Esquire is a men's magazine, published in the U.S. by the Hearst Corporation. Founded in 1932, it flourished during the Great Depression under the guidance of founder and editor Arnold Gingrich.
Esquire appeared, for the first time, in October 1933. It was conceived at the darkest moment of the depression and was born at the dawn of the New Deal. The magazine began as a racy publication for men, published by David A. Smart and Arnold Gingrich. It later transformed itself into a more refined periodical with an emphasis on men's fashion and contributions by Ernest Hemingway and F. Scott Fitzgerald. In the 1940s, the popularity of the Petty Girls and Vargas Girls provided a circulation boost. In the 1960s, Esquire helped pioneer the trend of New Journalism by publishing such writers as Norman Mailer, Tim O'Brien, John Sack, Gay Talese, Tom Wolfe and Terry Southern. Under Harold Hayes, who ran it from 1961 to 1973, it became as distinctive as its oversized pages. The magazine shrank to the conventional 8½x11 in 1971. The magazine was sold by the original owners to Clay Felker in 1977, who sold it to the 13-30 Corporation, a Tennessee publisher, two years later. 13-30 split up in 1986, and Esquire was sold to Hearst at the end of the year.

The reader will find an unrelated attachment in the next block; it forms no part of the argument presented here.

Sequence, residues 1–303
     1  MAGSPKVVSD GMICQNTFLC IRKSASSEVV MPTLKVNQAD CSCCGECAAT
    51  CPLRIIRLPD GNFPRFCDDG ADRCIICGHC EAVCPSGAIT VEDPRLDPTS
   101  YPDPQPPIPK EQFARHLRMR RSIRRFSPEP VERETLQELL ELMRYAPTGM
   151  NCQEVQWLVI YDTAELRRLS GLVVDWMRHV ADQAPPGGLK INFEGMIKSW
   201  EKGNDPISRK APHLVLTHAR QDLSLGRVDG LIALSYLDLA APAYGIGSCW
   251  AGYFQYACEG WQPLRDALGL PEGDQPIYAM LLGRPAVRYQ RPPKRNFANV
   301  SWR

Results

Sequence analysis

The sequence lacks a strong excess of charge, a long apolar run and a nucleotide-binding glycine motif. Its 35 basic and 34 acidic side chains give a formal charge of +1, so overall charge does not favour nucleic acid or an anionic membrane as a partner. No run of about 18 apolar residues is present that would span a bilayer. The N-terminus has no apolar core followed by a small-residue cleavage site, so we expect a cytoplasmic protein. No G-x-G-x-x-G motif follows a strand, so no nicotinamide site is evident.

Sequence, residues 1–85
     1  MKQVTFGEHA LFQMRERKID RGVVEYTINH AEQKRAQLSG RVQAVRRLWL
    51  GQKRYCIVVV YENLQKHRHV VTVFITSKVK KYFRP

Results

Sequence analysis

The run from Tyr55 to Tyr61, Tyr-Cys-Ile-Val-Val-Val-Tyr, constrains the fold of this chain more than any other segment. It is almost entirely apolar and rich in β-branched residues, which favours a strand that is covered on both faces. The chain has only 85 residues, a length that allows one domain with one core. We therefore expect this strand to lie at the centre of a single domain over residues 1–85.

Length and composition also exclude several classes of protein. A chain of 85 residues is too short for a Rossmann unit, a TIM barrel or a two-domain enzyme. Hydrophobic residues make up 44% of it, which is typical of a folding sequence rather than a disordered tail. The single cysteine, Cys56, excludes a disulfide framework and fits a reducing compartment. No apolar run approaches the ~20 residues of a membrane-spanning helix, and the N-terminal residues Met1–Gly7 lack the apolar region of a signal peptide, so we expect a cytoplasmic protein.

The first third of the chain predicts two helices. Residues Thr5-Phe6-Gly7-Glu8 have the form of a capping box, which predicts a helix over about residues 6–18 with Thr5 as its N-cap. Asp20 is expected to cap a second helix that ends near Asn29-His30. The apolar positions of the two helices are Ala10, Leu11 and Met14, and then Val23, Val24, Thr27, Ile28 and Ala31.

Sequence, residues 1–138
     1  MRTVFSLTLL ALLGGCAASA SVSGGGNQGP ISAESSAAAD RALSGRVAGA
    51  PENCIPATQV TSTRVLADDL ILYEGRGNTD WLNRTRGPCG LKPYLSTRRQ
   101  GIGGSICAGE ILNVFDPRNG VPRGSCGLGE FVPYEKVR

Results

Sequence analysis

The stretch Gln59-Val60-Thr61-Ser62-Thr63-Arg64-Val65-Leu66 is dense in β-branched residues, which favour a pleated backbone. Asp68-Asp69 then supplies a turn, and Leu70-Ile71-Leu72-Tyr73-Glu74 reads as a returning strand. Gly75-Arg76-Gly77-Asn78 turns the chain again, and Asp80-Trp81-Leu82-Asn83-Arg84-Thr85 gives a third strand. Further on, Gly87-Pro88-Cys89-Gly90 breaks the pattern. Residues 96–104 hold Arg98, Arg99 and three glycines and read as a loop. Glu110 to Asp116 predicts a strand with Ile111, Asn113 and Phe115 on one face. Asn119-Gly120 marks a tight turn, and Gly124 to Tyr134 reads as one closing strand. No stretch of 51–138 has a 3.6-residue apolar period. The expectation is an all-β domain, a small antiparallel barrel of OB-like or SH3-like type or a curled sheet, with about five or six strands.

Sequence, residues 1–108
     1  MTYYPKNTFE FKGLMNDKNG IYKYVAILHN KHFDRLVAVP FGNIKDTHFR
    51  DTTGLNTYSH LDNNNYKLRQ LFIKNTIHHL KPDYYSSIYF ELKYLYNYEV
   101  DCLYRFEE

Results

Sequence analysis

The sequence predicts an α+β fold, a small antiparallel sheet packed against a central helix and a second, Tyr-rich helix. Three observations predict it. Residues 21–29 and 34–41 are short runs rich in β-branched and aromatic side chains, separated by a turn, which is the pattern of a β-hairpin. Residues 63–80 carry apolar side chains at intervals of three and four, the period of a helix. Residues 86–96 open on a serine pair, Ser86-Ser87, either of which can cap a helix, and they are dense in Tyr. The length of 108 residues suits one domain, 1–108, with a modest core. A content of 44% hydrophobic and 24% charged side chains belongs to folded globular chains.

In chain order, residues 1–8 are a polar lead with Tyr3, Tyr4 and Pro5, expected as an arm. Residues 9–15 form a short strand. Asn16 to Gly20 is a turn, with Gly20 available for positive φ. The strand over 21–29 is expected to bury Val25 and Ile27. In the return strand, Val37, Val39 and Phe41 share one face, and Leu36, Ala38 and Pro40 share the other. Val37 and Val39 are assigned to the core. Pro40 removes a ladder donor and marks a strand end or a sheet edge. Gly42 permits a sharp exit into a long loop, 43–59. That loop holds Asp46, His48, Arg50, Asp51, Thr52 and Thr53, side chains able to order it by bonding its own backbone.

David Granger was named editor-in-chief of the magazine in June 1997. Since his arrival, the magazine has received numerous awards, including multiple National Magazine Awards—the industry’s highest honor. Prior to becoming editor-in-chief at Esquire, Granger was the executive editor at GQ for nearly six years.
In October 2008, to commemorate the magazine’s 75th Anniversary, Esquire published a limited edition digital cover that featured electronic ink with moving words and flashing images.